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This article was published 19/10/2020 (455 days ago), so information in it may no longer be current.
Court shoes, knee pads — and face masks? That could become the new norm for volleyball players in the near future.
While current regulations don’t require players to wear face masks to bump, set and spike, University of Winnipeg Wesmen women’s volleyball team players were wearing them on the court Monday afternoon at the Duckworth Centre. It was the team’s first practice wearing face coverings while doing team drills and scrimmaging.
"We’ve been wearing masks all the time except when we got in the gym we’d stop," said coach Phil Hudson.
"Just with the scenario, I thought ‘You know what, maybe (they’ll be mandatory) moving forward in January if anybody gets a chance to play, especially for the high school club kids.’ If we show we can do it at this level, then the high school kids should be able to do it for their club seasons, too. Kids are having a little harder time breathing, but you know what, it’s better than sitting at home watching TV and not having a chance to take part in an activity."
The Canada West season has been cancelled, the Manitoba High Schools Athletic Association isn’t sanctioning any tournaments and club teams are delaying their registrations, but that doesn’t mean all volleyball activities in Manitoba have been spiked. Volleyball Manitoba has been in the third stage of its return-to-play plan since the beginning of the month. It allows for full indoor training, including six-on-six scrimmages on a regulation-sized court. Other than sporting facilities being restricted to operating at 25 per cent of their usual capacity, the province’s new prevention orders that began Monday did not change things for the local volleyball scene.
"We factor in the cumulative 15-minute guidelines that public health has in place," said Volleyball Manitoba executive director John Blacher.
"When you’re playing volleyball, when you would breach that two-metre barrier is within the net zone area, but it’s instantaneous or it’s a very short interaction, right? Two seconds, three seconds, then they can go back to maintaining distance again. A volleyball game, if you implement a few different protocols in place, can be played with relative distancing in mind."
The Wesmen, University of Manitoba Bisons and several high schools around town are doing some level of training and trying to make the best out of the guidelines. Volleyball Manitoba will be having an online meeting with club teams this week to discuss what competition could potentially look like in the winter. The club season typically starts after the high school season concludes.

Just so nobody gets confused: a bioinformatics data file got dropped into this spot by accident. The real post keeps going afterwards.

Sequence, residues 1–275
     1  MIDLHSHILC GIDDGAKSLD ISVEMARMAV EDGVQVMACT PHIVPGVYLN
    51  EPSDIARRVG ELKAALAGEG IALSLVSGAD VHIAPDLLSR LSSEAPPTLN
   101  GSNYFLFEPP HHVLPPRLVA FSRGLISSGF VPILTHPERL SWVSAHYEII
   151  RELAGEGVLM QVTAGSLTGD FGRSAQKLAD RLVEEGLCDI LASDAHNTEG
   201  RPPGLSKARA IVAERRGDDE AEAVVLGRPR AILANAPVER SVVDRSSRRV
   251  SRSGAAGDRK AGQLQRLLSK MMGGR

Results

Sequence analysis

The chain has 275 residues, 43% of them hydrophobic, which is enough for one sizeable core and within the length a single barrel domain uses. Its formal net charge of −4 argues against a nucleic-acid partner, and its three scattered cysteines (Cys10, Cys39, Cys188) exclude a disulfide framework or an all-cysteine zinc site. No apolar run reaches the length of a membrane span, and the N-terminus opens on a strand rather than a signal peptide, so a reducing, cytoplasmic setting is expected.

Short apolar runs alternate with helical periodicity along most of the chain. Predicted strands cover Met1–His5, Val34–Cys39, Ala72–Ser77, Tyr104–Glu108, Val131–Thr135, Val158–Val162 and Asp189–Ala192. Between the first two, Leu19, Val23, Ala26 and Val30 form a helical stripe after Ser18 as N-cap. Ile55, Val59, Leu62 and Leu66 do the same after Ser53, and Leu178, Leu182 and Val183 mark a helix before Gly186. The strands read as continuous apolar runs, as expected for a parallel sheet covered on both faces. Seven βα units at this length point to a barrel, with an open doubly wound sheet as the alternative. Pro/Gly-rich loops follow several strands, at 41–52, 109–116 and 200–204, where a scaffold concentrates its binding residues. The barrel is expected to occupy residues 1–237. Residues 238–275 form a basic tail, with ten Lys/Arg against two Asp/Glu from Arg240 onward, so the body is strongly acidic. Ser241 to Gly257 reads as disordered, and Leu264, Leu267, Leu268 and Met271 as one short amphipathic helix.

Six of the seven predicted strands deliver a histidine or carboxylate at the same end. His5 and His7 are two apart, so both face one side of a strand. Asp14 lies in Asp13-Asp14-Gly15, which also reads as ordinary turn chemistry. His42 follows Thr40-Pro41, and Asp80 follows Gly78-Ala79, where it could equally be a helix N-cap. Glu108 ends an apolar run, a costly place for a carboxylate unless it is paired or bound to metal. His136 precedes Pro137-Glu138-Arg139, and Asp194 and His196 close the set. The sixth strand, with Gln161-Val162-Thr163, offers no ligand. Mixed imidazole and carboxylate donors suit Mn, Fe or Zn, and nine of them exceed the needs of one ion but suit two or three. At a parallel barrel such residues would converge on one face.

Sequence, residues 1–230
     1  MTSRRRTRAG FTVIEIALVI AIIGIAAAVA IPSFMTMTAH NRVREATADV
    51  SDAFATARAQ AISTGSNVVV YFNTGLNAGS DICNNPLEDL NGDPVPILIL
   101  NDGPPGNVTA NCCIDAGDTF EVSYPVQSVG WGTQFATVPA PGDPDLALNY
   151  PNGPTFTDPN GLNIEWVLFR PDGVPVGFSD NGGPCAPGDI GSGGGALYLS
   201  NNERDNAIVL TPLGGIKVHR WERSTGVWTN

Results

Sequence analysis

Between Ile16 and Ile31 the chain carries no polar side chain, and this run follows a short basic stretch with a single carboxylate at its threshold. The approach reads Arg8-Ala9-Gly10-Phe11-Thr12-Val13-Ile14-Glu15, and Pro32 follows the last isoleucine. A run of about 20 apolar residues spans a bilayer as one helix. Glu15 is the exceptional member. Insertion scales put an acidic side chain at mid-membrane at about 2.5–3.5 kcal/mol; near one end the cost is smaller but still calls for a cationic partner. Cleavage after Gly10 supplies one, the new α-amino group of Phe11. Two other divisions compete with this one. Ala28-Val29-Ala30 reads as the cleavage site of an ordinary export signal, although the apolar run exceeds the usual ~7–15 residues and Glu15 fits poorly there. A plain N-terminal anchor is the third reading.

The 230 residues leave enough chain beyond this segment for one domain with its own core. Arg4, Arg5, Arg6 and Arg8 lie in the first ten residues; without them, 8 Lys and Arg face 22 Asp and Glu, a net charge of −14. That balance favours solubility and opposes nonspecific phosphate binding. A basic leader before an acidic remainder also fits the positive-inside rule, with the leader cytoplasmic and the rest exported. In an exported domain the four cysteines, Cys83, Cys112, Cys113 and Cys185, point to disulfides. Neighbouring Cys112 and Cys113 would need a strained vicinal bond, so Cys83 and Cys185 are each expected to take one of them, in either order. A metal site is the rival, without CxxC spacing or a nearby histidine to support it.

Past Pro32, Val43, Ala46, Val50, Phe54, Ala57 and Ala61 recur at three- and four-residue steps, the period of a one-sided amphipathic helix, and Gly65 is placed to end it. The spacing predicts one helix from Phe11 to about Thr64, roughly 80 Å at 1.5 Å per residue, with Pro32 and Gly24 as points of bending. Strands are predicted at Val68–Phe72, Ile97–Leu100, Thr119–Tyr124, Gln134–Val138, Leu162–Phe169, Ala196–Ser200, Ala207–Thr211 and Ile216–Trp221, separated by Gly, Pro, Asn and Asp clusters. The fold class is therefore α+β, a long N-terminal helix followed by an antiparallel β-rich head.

As for the school teams, Blacher is hoping they’ll be able to have some level of competition, but nothing has been confirmed.
“In this scenario, I think you have to look at it as the glass is half full, not half empty. It’s the only way to get through this and we’re just going to go week by week." — U of W Wesmen volleyball coach Phil Hudson
"We’re going to be moving ahead with the competition side but we won’t suggest it should take place in areas within the orange COVID caution level," Blacher said.
"There are some divisions in rural Manitoba that might look at doing some level of game play within their zone or in their division, but in Winnipeg and the other areas that are within the orange zone, it wouldn’t be in effect until we get out of that level."
For the Wesmen, Bisons and Brandon University Bobcats, the best-case scenario for them is getting the OK to play exhibition matches against one another. Regardless if that comes to fruition, players will not lose a year of eligibility. It’s far from ideal, but Hudson and his players are finding positives in the situation.
"In this scenario, I think you have to look at it as the glass is half full, not half empty. It’s the only way to get through this and we’re just going to go week by week," said Hudson, who was the team’s interim head coach last season before he was given the job full time in March.
"We’ll try to get better and set goals just like normal. Lots of athletes train way more than they compete to go to the Olympics and things like that. We’ll just have to adjust our focus on training. It gives the kids a chance to get a lot better without worrying about playing and winning. There’s a lot of benefits about that."
Fifth-year Wesmen middle blocker Jess Friesen admitted practising in a mask was a bit of an adjustment, but echoed her coach’s message on how they believe it’s important to set a good example for other teams. Despite the restrictions, the masks and cancellations, Friesen is looking at the coming months as a valuable opportunity.
"For the team, it’s a year to work," Friesen said. "It sucks in the moment, but it’s not like it’s just us, it’s everybody. It’s not just sports, everybody’s lives have changed through this."
Eighteen years old and still in high school, Taylor got his start with the Free Press on June 1, 2011. Well, sort of.